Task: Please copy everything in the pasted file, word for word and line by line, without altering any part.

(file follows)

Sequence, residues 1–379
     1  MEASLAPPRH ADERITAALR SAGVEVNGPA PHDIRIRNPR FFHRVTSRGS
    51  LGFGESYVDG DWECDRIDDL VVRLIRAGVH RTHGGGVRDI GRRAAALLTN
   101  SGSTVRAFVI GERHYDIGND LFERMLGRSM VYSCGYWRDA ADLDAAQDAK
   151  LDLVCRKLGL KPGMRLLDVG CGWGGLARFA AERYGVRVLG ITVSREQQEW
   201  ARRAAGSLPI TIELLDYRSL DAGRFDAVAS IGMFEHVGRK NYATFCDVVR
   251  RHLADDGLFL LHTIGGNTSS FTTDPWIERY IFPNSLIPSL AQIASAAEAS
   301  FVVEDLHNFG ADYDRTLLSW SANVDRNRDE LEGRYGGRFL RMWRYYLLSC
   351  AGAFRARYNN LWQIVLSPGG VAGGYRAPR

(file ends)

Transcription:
Sequence, residues 1–379
     1  MEASLAPPRH ADERITAALR SAGVEVNGPA PHDIRIRNPR FFHRVTSRGS
    51  LGFGESYVDG DWECDRIDDL VVRLIRAGVH RTHGGGVRDI GRRAAALLTN
   101  SGSTVRAFVI GERHYDIGND LFERMLGRSM VYSCGYWRDA ADLDAAQDAK
   151  LDLVCRKLGL KPGMRLLDVG CGWGGLARFA AERYGVRVLG ITVSREQQEW
   201  ARRAAGSLPI TIELLDYRSL DAGRFDAVAS IGMFEHVGRK NYATFCDVVR
   251  RHLADDGLFL LHTIGGNTSS FTTDPWIERY IFPNSLIPSL AQIASAAEAS
   301  FVVEDLHNFG ADYDRTLLSW SANVDRNRDE LEGRYGGRFL RMWRYYLLSC
   351  AGAFRARYNN LWQIVLSPGG VAGGYRAPR